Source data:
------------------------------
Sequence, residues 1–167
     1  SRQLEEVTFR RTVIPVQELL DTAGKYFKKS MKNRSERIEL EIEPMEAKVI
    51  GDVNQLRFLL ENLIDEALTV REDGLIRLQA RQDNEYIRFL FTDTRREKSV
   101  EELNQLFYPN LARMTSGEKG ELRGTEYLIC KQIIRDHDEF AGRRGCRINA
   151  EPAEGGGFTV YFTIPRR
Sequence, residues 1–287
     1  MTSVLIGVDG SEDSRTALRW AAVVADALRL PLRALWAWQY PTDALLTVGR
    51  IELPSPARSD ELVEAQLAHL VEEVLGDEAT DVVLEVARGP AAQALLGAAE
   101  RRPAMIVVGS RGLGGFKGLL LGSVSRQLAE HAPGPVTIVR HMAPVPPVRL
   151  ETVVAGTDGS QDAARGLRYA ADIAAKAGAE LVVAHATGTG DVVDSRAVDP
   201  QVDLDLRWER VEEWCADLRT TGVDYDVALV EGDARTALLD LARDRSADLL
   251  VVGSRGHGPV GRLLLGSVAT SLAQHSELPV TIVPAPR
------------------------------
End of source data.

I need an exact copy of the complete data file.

Sequence, residues 1–167
     1  SRQLEEVTFR RTVIPVQELL DTAGKYFKKS MKNRSERIEL EIEPMEAKVI
    51  GDVNQLRFLL ENLIDEALTV REDGLIRLQA RQDNEYIRFL FTDTRREKSV
   101  EELNQLFYPN LARMTSGEKG ELRGTEYLIC KQIIRDHDEF AGRRGCRINA
   151  EPAEGGGFTV YFTIPRR
Sequence, residues 1–287
     1  MTSVLIGVDG SEDSRTALRW AAVVADALRL PLRALWAWQY PTDALLTVGR
    51  IELPSPARSD ELVEAQLAHL VEEVLGDEAT DVVLEVARGP AAQALLGAAE
   101  RRPAMIVVGS RGLGGFKGLL LGSVSRQLAE HAPGPVTIVR HMAPVPPVRL
   151  ETVVAGTDGS QDAARGLRYA ADIAAKAGAE LVVAHATGTG DVVDSRAVDP
   201  QVDLDLRWER VEEWCADLRT TGVDYDVALV EGDARTALLD LARDRSADLL
   251  VVGSRGHGPV GRLLLGSVAT SLAQHSELPV TIVPAPR